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"Doctor Who: The Complete Second Series"
Reviewer:
Wayne Klein
Studio: Warner Home Video/BBC
Genre: TV-Series
Release:
1/16/07
Special Features: Doctor Who Confidential, Audio and Video Commentary tracks, deleted scenes, "David's Video Diaries", "Billie Piper's Video Diaries", outtakes
Review:

The Good Doctor faces a change during the second season of the new, revived and CGI driven "Doctor Who". At the conclusion of the first season the Doctor (Christopher Eccleston in the first season) must periodically be renewed which results in a different face and slightly different personality (David Tennant in the second season). It was a convenient out for the BBC as actors came and went throughout the entire run of the series during the 60's, 70's and even the 80's (with a brief visit from a new Doctor for an Americanized TV movie during the 1990's). During the first episode of the new season the Doctor is all but immobilized because he absorbed the energy from the Tardas in order to save his companion Rose Tyler (Billie Piper). ***

Fans of Doctor Who will be delighted with the second season of the "new" series. While the series could be a bit inconsistent in the writing department even the weaker episodes benefit from the delightful performance of the "new" Doctor played by David Tennant ("Harry Potter and The Goblet of Fire"). During the second season the Doctor and Rose Tyler his companion (Billie Piper) travel to an alternate universe where the Cybermen come into being, see the return of the Daleks (yet again), meet the Devil on a planet circling a black hole and help Queen Victoria fight off a werewolf. All in a days work with the Doctor using his wits and sonic screwdriver to save the day.

Image & Sound:

The second season of "Doctor Who" looks pretty good overall. The blacks tend to blue more than black and occasionally look crushed but otherwise the colors are vibrant. Image clarity and sharpness are extremely good although in a couple of visual effects shots (most notably during "The Satan Pit") are a tad soft with detail less than optimal. Audio is a marked improvement over the first season where the dialogue track was mixed too low in the 5.1 mix. Here dialogue is much more prominent in the mix with excellent clarity although I felt it should have been punched up a bit. It's particularly noticable if you listen to the film in 2.0 mode vs. 5.1. Otherwise, the audio sounds extremely crisp and clear.

Special Features:

The fifteen episodes included here are augmented by a special mini-episode produced for the British Children in Need telethon as well as deleted scenes, audio commentary tracks and the behind-the-scenes TV shows "Doctor Who Confidential" on the second season. Fans of the series will be delighted by everything but the price tag which seems steep for only 15 episodes of a TV program. Still, overall, this is a delightful season that parents can watch with their children without worry about them getting too scared. The show benefits from the latest CGI technology using it to expand the stories in ways that the original series could only imagine. ***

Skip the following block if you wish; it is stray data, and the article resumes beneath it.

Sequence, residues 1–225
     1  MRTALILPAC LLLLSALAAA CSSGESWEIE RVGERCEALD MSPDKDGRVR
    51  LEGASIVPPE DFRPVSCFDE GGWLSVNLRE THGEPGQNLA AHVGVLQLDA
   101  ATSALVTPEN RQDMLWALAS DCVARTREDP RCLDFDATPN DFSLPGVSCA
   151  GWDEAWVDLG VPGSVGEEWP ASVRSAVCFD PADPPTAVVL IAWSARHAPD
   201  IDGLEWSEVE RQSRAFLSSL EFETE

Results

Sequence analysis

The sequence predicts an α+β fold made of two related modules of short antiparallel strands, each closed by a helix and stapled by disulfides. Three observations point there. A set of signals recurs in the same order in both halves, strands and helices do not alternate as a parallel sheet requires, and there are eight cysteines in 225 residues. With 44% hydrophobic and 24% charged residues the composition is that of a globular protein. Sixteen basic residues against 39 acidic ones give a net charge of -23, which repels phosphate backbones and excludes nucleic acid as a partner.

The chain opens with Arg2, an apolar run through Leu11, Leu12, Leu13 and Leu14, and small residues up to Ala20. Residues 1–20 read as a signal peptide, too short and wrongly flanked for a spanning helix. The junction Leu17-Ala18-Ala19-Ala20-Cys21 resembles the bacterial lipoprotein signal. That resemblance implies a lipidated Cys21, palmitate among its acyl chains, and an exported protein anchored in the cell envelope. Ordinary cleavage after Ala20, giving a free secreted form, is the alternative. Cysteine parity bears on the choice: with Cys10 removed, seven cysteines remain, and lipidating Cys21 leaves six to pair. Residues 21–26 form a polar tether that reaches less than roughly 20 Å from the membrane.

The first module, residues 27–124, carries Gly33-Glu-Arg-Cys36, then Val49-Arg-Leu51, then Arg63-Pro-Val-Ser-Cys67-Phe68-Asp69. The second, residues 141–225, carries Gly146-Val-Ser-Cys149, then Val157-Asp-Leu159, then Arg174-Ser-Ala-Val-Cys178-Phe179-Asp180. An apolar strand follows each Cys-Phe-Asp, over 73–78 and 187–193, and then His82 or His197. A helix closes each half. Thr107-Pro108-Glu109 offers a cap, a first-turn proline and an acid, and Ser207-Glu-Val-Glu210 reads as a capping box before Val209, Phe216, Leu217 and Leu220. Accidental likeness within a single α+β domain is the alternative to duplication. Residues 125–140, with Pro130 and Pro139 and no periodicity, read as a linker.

We also get audio "InVision" commentary tracks on "The Christmas Invasion" by writer/producer Russell T. Davies, producer Julie Gardner and Phil Collinson, "The Girl in the Fire Place" by star David Tennant, Sophia Myles and Phil Collison, The Age of Steel by director Graeme Harper, visual effects artists Nick Briggs and Paul Kasey, "The Impossible Planet" with Tennant again and with Billie Piper joining him on the season finale "Doomsday". ***

Audio commentary tracks include Tennant, Davies, Gardner joined by various other writers/directors/actors on them. Every episode has a commentary track of one sort or another which is a bit plus and, perhaps, off-sets the cost of this set and explains it somewhat. ***

I should also mention the packaging. The discs in the set are two to a holder overlapping slightly and we also get a booklet with an introduction by Julie Gardner, credits for each episode (and the commentary tracks) as well as behind-the-scenes photos. The cover is a linticular 3-D image with the Tardis revolving as you turn the box. The slipcase is clear plastic and, as with the last one, the series stars David Tennant and Billie Piper appears on the cover. It's a nice package altogether. ***

Tennant provides fans with a behind-the-scenes look into the production of the show with his own video diaries. This feature runs a combined time of 85 minutes. We also get "Billie Piper's Video Diaries" included on disc one as well as some humorous outtakes, the "Children in Need" short prequel shown on the Telethon in the UK. ***

The menu is slightly more user friendly than the first season as well with a bit easier access to special features, etc. The menu design is quite nice as well.

Final Words:

A solid second season from producer/writer Russell T. Davies, Julie Gardner and the rest of the "Doctor Who" production staff, the best episodes from the second season easily hold their own with some of the classic episodes that featured Patrick Troughton, Tom Baker and other previous Doctors. While the price for the set is steep every episode comes with a commentary track, we get a nice booklet as part of the package and a solid disc of extras for fans of the show.

 

 
 
 
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